Sandys’ frolicking female is divided in half by the two panels of this lithograph. The effect is like that of a magician’s assistant sawn in half, yet it is clear who dominates the power balance in this tongue in cheek scene of relaxed sexual freedom. Sandys, who identifies strongly with the feminist movement, said ‘It is natural that I use the female form to express many of my ideas, but I do not shy away from any of the driving forces in my life including the man/woman relationship, motherhood, sensuality, sexuality, satire and humour, as well as suffering and disappointment.’
Frolic on the Green
Date of work
Original: Lithograph on paper 52.1 x 77.5 cm Tate. Presented by Curwen Studio 1978 © Edwina Sandys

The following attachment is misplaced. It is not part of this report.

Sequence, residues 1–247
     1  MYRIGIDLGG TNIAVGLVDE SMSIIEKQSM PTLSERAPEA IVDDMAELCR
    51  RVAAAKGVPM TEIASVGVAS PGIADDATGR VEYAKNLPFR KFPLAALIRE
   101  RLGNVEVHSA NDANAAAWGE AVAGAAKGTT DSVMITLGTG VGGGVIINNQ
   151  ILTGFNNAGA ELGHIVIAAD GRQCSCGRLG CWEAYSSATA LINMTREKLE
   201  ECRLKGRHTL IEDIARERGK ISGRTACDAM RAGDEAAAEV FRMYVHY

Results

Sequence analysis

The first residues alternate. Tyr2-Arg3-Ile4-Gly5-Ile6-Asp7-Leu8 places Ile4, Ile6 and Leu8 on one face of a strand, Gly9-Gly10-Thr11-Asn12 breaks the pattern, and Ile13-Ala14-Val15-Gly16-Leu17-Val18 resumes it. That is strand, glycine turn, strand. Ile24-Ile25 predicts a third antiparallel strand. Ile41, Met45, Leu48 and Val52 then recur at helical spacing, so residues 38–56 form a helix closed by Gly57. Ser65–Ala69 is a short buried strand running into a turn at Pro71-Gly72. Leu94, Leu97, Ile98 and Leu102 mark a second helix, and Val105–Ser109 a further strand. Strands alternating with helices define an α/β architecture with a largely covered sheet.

Edwina Sandys (born 1938) is a New York based British artist and sculptor. Sandys’ parents were aristocratic (her father was a Baron and her mother the daughter of Winston Churchill), and was a debutante herself. She had a career as a newspaper columnist and novelist before becoming an artist in 1970. At first a successful painter, she turned her attention to sculpture in the mid-1970s, and has exhibited her work internationally. In 1984 she was awarded an MBE in the New Years Honours for services to British cultural interests in New York.